Hong Kong will soon ease relaxations
Hong Kong will soon ease social distancing measures after largely containing the spread of Covid-19, Chief Executive Carrie Lam told a briefing Tuesday ahead of a meeting of her advisory Executive Council. “I would just appeal to you to be a little more patient. We will make the decision and announce as soon as possible,” Lam said without specifying a time frame for loosening the rules. It comes after reports the city could relax a ban on gatherings of more than four people and may soon open gyms and movie theaters.
Some other global news
- China reports 1 new case, no additional deaths on May 4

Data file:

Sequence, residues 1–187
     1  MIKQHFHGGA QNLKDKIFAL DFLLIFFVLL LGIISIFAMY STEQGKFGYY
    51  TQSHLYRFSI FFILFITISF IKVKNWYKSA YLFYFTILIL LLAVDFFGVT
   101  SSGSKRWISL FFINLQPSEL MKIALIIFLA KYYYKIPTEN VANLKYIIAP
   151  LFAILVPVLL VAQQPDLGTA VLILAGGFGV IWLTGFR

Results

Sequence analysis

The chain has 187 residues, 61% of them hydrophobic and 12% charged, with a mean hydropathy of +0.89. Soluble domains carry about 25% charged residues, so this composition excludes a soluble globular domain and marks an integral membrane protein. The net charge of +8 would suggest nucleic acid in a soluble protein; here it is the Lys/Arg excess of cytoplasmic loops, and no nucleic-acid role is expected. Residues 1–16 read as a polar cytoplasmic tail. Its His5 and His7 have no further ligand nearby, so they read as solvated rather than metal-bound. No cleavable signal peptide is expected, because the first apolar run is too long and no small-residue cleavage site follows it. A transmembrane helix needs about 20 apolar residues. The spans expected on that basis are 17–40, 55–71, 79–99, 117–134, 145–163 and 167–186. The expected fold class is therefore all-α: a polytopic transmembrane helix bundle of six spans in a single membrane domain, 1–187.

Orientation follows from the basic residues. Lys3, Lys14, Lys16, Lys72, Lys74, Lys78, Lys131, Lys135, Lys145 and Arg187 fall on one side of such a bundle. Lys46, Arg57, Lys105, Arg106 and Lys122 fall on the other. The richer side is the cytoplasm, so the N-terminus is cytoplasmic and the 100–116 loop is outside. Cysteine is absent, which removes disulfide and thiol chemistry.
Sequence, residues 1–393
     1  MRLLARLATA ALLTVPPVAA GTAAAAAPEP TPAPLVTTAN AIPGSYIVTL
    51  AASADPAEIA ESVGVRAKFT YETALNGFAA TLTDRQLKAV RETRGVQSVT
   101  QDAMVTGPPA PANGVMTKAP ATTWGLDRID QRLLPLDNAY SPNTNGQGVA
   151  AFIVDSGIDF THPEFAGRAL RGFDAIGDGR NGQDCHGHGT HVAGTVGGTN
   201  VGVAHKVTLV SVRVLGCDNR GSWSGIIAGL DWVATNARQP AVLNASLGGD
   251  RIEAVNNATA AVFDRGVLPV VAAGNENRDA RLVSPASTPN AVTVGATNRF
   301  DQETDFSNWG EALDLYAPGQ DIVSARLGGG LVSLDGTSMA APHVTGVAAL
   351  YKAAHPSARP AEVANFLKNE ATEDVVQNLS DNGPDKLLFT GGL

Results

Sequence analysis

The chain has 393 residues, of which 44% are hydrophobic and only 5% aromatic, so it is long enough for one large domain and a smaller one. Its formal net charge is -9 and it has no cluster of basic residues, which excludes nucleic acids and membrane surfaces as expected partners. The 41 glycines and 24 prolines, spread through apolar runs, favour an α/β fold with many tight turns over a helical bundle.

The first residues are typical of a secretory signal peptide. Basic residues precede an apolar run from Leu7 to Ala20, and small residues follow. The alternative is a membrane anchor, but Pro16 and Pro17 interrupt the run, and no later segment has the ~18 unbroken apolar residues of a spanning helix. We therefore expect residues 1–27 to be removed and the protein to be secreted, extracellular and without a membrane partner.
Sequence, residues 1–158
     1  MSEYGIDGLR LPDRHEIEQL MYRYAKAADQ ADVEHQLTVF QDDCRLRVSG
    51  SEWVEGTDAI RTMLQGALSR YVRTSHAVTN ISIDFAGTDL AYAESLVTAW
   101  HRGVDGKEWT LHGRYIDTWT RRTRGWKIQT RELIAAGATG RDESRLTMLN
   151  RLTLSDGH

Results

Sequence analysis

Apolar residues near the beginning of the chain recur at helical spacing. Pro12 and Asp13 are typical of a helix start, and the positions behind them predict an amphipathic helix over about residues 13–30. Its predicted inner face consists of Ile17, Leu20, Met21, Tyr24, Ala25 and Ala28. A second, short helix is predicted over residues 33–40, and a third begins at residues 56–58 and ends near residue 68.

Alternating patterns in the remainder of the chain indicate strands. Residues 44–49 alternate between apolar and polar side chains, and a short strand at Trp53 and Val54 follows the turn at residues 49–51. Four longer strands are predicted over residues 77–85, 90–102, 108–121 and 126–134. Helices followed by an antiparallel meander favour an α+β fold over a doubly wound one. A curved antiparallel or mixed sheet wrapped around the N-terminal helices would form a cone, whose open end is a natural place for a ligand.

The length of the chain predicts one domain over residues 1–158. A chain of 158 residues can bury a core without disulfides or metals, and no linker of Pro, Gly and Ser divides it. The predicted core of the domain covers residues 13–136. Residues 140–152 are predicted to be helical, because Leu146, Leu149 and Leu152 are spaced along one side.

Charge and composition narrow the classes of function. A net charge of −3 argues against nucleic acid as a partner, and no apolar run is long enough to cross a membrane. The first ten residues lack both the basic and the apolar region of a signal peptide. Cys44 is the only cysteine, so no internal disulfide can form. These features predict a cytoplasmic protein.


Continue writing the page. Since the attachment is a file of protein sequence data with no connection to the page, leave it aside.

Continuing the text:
- Russia has more than 10,000 new infections for a second day
- World leaders promised $8 billion for the fight against the coronavirus pandemic, European Commission head Ursula von der Leyen said.
- France may allow religious services to resume before the end of May if a gradual easing of lockdown rules from May 11 did not result in the rate of coronavirus infections increasing.
— Business Insider (@businessinsider) May 5, 2020
- An internal U.S. government document projects a surge in coronavirus cases and a sharp rise in daily deaths by June 1, the New York Times reported on Monday
- Israel on Monday eased many curbs on the public, with Prime Minister Benjamin Netanyahu citing the country’s success in containing the virus so far.
- The number of coronavirus cases in Pakistan reached 21,501 after 1,315 new infections were recorded, while 24 people died due to the disease, taking the death toll in the country to 486, the health ministry said on Tuesday.
- Of the 548 active coronavirus cases in Sri Lanka, 327 of them are Navy personnel, officials said on Tuesday. The virus has killed eight people with 752 positive cases in the island nation.